The chancellor said Britain was "far from through" the current crisis
Chancellor Alistair Darling has denied he is planning to "print money" in an effort to tackle the downturn.
On Wednesday, he told the Financial Times newspaper he was considering a policy of "quantitative easing" to increase money supply to the economy.
He has now said he is looking at "a range of measures," but "nobody is talking about printing money".
Shadow Chancellor George Osborne said any such move would be "the last resort of a desperate government".
According to the BBC's economics editor Hugh Pym, the Treasury could resort to the use of quantitative easing as falling interest rates become less effective at stimulating the economy.
Instead of literally printing money, the Bank of England would write out cheques to banks in exchange for assets such as corporate investments.
The hope would be that the banks would then lend this extra money to consumers who would in turn go out and spend it.
The government could also borrow more from the Bank of England and then use this money to invest in the economy via spending or tax cuts.
However boosting money supply like this effectively creates inflation - normally avoided by the government, but in seen as a necessary evil in tough economic times, our correspondent said.
While this might amount, metaphorically, to "printing money", it is not quite as simple as getting the Bank of England to churn out more notes, he added.
Mr Darling was asked about the policy during the Cabinet's visit to Liverpool.
"Nobody is talking about printing money," he said.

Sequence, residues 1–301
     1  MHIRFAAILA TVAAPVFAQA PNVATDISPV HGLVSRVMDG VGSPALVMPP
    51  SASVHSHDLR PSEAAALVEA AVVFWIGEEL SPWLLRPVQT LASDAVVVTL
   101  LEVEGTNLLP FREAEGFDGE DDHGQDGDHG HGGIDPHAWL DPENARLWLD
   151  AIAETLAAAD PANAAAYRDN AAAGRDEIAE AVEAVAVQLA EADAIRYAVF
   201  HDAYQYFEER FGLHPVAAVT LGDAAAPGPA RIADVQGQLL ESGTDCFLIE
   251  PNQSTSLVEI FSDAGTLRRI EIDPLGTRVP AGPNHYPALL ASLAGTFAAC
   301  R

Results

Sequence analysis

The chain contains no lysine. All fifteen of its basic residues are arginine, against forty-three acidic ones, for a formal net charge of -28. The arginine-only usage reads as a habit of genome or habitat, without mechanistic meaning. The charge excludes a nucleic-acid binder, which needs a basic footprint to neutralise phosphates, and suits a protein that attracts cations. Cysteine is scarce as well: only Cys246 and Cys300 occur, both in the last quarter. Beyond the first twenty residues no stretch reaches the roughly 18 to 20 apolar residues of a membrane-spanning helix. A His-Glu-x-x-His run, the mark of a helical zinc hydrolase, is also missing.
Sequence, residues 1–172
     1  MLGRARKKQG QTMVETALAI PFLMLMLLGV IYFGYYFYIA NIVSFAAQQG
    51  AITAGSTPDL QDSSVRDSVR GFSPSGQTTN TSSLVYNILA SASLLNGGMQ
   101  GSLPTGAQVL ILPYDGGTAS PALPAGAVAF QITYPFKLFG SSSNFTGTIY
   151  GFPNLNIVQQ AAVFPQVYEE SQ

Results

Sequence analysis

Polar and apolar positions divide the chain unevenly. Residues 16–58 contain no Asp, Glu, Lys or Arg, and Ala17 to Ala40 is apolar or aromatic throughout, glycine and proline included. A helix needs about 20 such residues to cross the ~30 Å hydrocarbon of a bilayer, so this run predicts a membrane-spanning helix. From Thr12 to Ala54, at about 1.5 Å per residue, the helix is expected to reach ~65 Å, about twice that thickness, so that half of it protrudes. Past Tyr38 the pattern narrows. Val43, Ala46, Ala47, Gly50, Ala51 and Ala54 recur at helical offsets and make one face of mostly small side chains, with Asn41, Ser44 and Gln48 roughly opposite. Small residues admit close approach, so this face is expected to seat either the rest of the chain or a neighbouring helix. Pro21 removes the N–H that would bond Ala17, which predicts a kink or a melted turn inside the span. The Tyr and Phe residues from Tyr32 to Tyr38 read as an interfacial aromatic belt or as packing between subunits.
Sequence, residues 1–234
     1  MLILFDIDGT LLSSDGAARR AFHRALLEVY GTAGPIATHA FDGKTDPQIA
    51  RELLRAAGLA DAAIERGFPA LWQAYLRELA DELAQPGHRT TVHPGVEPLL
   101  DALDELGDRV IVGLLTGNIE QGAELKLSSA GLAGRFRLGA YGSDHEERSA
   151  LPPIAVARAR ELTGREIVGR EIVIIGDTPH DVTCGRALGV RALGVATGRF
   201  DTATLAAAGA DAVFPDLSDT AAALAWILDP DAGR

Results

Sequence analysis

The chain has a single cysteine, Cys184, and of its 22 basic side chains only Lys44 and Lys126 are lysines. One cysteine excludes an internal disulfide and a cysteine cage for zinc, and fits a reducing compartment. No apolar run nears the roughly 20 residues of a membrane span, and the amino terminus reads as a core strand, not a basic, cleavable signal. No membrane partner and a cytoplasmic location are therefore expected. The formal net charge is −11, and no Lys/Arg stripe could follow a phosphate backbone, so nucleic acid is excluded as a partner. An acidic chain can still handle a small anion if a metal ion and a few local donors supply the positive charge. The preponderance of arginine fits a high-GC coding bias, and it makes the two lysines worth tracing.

"There's a debate to be had about what you do to support the economy as interest rates approach zero, as they are in the United States, but for us that is an entirely hypothetical debate.
"We are looking at a range of measures to support the economy, to support business and to help people, but nobody is talking about printing money."
The US Federal Reserve has already said it will employ quantitative easing, and the policy was also used in Japan in the 1990s - with limited success - in a bid to prevent economic stagnation.
Mr Osborne said it was "irresponsible in the extreme" of Mr Darling to float the idea "carelessly" and risk the confidence of international money markets.
"The very fact that the Treasury is speculating about printing money shows that Gordon Brown has led Britain to the brink of bankruptcy," the shadow chancellor said.
"Printing money is the last resort of desperate governments when all other policies have failed.
"It can't be ruled out as a last resort in the fight against deflation, but in the end printing money risks losing control of inflation and all the economic problems that high inflation brings."
In the FT interview, Mr Darling also said the country was "far from through" the current economic problems.
"This year is going to be difficult. There are going to be some tough calls," he added.